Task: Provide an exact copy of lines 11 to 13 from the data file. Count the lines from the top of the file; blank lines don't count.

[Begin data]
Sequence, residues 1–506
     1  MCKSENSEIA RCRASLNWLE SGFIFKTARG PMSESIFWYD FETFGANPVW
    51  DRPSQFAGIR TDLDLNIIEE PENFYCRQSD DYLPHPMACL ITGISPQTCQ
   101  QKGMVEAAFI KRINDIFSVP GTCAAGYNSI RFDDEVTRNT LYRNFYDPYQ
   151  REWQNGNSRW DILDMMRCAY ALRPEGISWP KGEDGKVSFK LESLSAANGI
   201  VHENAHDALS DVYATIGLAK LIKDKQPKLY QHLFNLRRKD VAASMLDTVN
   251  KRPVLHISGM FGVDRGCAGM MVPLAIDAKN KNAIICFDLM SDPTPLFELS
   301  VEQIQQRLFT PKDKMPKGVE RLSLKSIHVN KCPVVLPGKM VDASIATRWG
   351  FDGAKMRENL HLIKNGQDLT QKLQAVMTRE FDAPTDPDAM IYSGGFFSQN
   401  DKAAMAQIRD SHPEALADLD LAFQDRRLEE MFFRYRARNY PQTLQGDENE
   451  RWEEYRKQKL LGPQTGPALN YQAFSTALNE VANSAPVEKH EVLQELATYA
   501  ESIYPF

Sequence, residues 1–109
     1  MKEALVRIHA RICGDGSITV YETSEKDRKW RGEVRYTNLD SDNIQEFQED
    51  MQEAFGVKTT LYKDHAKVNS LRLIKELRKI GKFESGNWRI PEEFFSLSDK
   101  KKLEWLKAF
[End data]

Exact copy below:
   451  RWEEYRKQKL LGPQTGPALN YQAFSTALNE VANSAPVEKH EVLQELATYA
   501  ESIYPF

Sequence, residues 1–109